The Yasuní National Park in the Ecuadorian Amazon is one of the most bio-diverse place on the planet. It is home to many indigenous people including some who voluntarily maintain no contact with the outside world. Unfortunately the Yasuní also sits atop between 412 and 920 million barrels of oil and the oil companies are desperate to start drilling.
Yasuní Green Gold is an international campaign born with the support of the people of the Yasuní, with the aim to raise awareness of the region and create a network of people and organisations across the world to support the conservation of the Yasuní and the protection of its indigenous and local people.
In May 2007 Ecuador’s government announced they were prepared to leave the oil in the ground but would need financial and political support from the international community. Yasuni Green Gold want to make sure the proposal goes forward in its best and most representative form, respecting the indigenous people and their human rights, with hope of creating a principal that can be used across the world.
The Yasuní National Park is situated in the Ecuadorian Amazon, predominantly in the province of Francisco de Orellana. In 1989 UNESCO declared the park a Bio-reserve and Cultural Heritage site.
Inhabiting the Yasuní are various different indigenous groups including the Waorani, Shuar and Amazonian Kichwa. Some of these peoples - such as the Tagaeri and Taromenane - still voluntarily maintain no contact with the rest of the world. These warrior-like hunter-gatherers have been living in harmony with nature for centuries.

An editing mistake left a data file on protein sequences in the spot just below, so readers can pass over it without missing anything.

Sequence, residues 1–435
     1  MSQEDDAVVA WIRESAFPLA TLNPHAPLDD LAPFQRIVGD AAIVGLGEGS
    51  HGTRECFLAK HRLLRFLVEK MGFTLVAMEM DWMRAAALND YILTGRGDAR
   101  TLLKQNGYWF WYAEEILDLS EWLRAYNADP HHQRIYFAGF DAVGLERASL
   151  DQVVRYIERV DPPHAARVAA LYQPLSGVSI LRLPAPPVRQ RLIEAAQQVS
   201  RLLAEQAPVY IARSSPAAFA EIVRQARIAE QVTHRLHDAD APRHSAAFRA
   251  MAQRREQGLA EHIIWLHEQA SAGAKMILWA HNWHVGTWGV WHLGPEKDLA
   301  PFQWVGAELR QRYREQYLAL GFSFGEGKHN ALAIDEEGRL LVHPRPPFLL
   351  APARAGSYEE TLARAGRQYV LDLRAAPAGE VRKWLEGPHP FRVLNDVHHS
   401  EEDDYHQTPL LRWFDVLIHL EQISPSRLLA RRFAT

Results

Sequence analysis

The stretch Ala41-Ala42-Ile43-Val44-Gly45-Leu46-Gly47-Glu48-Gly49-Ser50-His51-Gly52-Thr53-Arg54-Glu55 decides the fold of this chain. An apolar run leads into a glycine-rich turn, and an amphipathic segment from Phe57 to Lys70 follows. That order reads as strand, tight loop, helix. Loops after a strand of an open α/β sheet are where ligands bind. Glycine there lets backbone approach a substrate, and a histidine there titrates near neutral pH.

The Yasuní is one of the most bio-diverse places on the planet. It spans nearly a million hectares and is home to the greatest genetic variety of plants and animals on earth.
It is thought to be a zone that did not freeze during the last ice-age, which began 2 million years ago and lasted up to 10,000 years ago. As a result, it became an island of vegetation where flora and fauna took refuge, survived and eventually re-populated the Amazon.
This explains the abundance of recording-breaking natural treasures constantly being discovered in the Yasuní. For example, the forest it accommodates the largest number of species of trees per hectare in the world. Only one hectare of the Yasuní is home to the same amount of native tree species as the whole of North America. There is also an extraordinary amount of unrecorded bio-diversity.
The Ecuadorian national government has declared 700, 000 hectares of the park legally ‘untouchable’ meaning that the area should be protected from any activity which may negatively effect the bio or cultural diversity of the region.
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